Mutations in ß-Lactamase AmpC Increase Resistance of Pseudomonas aeruginosa Isolates to Antipseudomonal Cephalosporins.

Related Articles

Mutations in ß-Lactamase AmpC Increase Resistance of Pseudomonas aeruginosa Isolates to Antipseudomonal Cephalosporins.

Antimicrob Agents Chemother. 2015 Jul 27;

Authors: Berrazeg M, Jeannot K, Ntsogo Enguéné VY, Broutin I, Loeffert S, Fournier D, Plésiat P

Abstract
Mutation-dependent overproduction of intrinsic ß-lactamase AmpC is considered as the main cause of resistance of clinical strains of Pseudomonas aeruginosa to antipseudomonal penicillins and cephalosporins. Analysis of 31 AmpC-overproducing clinical isolates exhibiting a greater resistance to ceftazidime than to piperacillin-tazobactam revealed the presence of 17 mutations in the ß-lactamase, combined to various polymorphic amino acid substitutions. When overexpressed in AmpC-deficient P. aeruginosa 4098, the genes coding for 20/23 of these AmpC variants were found to confer a higher (2- to >64-fold) resistance to ceftazidime and ceftolozane-tazobactam than did the gene from reference strain PAO1. The mutations had variable effects on the minimal inhibitory concentrations (MICs) of ticarcillin, piperacillin-tazobactam, aztreonam, and cefepime. Depending on their location in the AmpC structure and their impact on ß-lactam MICs, they could be assigned to 4 distinct groups. Most of the mutations affecting the omega loop, the R2 domain and the C-terminal end of the protein were shared with ESACs (Extended-Spectrum AmpCs) from other Gram-negative species. Interestingly, two new mutations (F121L, P154L) were predicted to enlarge the substrate binding pocket by disrupting the stacking between residues F121 and P154. We also found that the reported ESACs emerged locally in a variety of clones some of which are epidemic, and did not require hypermutability. Taken together, our results show that P. aeruginosa is able adapt to efficacious ß-lactams including the newer cephalosporin ceftolozane through a variety of mutations affecting its intrinsic ß-lactamase, AmpC. Data suggest that the rates of ESAC-producing mutants are ≥ 1.5% in the clinical setting.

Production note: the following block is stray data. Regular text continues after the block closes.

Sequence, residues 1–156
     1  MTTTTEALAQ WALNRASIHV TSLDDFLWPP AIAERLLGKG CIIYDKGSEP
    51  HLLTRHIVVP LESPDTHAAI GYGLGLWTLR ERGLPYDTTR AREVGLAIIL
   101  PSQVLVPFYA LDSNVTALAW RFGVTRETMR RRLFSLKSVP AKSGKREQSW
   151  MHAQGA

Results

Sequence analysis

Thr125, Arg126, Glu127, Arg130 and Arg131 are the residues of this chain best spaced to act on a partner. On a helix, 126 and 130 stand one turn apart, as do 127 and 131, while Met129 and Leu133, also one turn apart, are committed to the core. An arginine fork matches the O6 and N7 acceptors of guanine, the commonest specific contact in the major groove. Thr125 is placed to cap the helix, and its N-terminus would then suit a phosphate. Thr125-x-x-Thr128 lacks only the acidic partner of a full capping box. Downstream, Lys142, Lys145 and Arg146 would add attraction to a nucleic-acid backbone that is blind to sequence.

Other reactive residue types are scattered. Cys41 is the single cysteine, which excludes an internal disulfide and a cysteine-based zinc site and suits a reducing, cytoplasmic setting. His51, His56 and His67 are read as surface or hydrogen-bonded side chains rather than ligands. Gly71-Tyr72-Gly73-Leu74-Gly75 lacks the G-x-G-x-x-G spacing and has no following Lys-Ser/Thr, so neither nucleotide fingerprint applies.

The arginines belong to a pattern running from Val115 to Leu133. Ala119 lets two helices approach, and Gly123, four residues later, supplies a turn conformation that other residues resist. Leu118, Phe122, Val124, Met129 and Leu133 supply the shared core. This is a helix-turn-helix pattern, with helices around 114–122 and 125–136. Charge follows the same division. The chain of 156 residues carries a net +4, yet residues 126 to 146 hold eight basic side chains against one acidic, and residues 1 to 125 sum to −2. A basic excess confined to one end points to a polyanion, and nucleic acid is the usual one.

PMID: 26248364 [PubMed - as supplied by publisher]